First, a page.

Response to the book sunflower

the sunflower book summary

Pran, Dith. For the Jewish mystic and spiritual seekers in other traditions, that middle where they meet is the divine mystery. The letters sometimes get redundant or overly utopian, but this book is extremely provocative.

the sunflower analysis

Wiesenthal then leaves the room without saying anything. This allows our team to focus on improving the library and adding new essays. Just before Simon is assigned duties at the hospital, a nurse asks him if he is a Jew.

Response to the book sunflower

We really hope you … more Mar 07 AM : Looks like there's now a play about Wiesenthal using Sunflower as a major theme and marketing meme. It an insight into several of the world's major religions, and into the minds of people who have survived genocides. To protect the anonymity of contributors, we've removed their names and personal information from the essays. How fully are each of us protesting and fighting the good fight against the enormity of violence and injustice and exploitation in this world? But with major concepts of life, we do have our limits. He then confesses to having participated in the destruction, by fire and armaments, of a house full of Jews. It is easy to make the assumption that possible Jewish loathing of Nazis would lead them to attempt to inflict pain on the Nazis, the same pain that the Nazis had wrongly inflicted upon them.

Placing a Jew in this anguished position further victimizes him or her. It speaks out as well for the millions of others who have been massacred by the vicious monsters who have haunted humanity through the ages but never more so than in the last hundred years.

He was not the one who committed the crime.

The sunflower characters

He asked for forgiveness as he was dying because he was afraid that his soul would not be able to rest eternally unless he was forgiven. When you learn to love yourself and forgive yourself, you will receive clarity and joy from life. Others do not say definitively whether or not forgiveness was the right thing. Start one. Rabbi Abraham Joshua Heschel writes, "No one can forgive crimes committed against other people" p. Has reading this book changed your opinions? The dilemma for Mr. The majority of the Jewish responses state that even if Simon had forgiven Karl it would have been a false forgiveness, because he does not have the authority to forgive someone for an act that was done to another. He then joined the SS "as soo Simon Wiesenthal is in a Nazi Concentration Camp in Poland and performing physical labor at a local hospital when a nurse comes up to him and says, "Are you a Jew? He and the others followed these orders, too. Wiesenthal ruminates on whether or not he should have forgiven Seidl through the rest of his experiences in the concentration camp system. In his passion for the rule of law and in other interesting ways, Wiesenthal is a modern-day Moses.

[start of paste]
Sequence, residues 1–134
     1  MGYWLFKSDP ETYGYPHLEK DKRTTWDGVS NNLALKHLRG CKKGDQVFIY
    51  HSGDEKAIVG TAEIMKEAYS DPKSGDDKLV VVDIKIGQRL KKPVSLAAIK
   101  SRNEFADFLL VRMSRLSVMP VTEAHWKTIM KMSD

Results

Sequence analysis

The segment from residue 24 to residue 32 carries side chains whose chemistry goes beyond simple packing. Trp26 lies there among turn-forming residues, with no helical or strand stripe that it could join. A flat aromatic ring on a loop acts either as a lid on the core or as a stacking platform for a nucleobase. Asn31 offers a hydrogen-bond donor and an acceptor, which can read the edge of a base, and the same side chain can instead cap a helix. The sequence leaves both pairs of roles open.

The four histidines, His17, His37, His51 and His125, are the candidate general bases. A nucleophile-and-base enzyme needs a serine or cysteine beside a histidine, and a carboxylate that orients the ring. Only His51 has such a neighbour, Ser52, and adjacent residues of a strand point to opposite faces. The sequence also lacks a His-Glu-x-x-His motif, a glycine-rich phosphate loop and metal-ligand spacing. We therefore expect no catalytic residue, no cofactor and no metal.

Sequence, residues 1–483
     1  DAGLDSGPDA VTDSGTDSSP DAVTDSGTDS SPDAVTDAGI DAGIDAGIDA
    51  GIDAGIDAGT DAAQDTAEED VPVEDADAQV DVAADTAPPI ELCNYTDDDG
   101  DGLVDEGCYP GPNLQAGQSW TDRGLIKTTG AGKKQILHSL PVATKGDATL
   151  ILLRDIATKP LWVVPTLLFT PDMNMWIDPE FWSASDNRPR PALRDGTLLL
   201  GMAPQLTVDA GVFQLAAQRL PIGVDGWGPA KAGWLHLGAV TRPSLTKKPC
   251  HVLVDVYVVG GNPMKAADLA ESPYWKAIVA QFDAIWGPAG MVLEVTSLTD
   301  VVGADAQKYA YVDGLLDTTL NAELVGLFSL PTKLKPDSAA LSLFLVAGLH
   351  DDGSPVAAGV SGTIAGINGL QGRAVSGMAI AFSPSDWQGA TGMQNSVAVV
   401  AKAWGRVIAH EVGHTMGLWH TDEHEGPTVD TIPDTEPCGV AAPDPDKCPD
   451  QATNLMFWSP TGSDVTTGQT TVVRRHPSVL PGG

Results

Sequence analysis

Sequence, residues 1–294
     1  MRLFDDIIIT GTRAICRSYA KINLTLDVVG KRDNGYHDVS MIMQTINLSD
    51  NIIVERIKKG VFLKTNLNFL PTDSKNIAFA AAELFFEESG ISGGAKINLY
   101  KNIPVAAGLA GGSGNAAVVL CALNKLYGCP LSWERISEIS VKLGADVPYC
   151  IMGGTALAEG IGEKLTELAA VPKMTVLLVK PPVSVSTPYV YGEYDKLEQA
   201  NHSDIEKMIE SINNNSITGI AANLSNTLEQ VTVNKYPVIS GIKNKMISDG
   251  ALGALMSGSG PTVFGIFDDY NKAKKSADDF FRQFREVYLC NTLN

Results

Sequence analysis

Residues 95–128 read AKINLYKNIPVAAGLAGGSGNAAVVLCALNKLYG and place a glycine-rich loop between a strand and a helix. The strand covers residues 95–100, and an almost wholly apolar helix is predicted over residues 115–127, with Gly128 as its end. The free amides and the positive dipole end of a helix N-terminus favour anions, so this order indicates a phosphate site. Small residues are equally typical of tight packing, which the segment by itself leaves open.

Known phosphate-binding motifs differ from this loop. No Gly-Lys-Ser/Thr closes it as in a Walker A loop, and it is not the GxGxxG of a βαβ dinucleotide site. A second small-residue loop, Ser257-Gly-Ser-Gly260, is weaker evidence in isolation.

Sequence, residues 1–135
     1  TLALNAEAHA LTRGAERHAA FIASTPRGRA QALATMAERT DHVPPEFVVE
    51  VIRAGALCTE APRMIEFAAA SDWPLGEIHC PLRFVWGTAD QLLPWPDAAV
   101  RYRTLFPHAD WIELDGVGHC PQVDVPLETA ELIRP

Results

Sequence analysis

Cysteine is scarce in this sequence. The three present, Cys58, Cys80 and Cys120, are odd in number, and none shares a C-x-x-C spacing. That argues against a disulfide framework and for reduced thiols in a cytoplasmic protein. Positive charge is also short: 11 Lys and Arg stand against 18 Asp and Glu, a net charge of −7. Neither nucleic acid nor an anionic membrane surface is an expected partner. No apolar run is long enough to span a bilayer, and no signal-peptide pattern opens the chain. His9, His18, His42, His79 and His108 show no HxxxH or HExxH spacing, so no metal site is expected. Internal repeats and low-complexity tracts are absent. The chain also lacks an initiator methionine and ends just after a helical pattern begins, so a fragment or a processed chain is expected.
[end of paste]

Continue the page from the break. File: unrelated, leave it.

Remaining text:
He stays and listens to the dying man out of pity and also because the soldier asks and begs him not to leave. What does it tell the dying man?

The sunflower symposium

The next day the same nurse approached Simon while he was working and told him that Karl died and wished that Simon take his personal belongings. Just before Simon is assigned duties at the hospital, a nurse asks him if he is a Jew. A final note I'll leave you with regarding this novel is that many of the genocide survivors balked at forgiving their torturers, because forgiving paves the road to forgetting. Faced with the choice between compassion and justice, silence and truth, Wiesenthal said nothing. However, years later he is still haunted by the incident and is still pondering whether or not he did the right thing in not forgiving Karl. It is something that, eventually, he needed to do for himself. Kushner and Albert Speer. Can we forgive crimes committed against others? The hour of utter helplessness when Simon meets Karl is like the night when Jacob wrestles with the angel: it is one of the searing times in his life when the strength of the man joined with a radical vulnerability. A recent graduate of the Czech Technical University in Prague and the Polytechnic Institute in Lvov, he had just begun to work in an architectural office in Lvov when Poland was invaded by the Nazis.

Do you agree with this? The letter that struck me the most was written by Albert Speer, one of the architects of the Third Reich and a high-ranking Nazi.

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A Response to The Sunflower and Simon @ Searching with Curls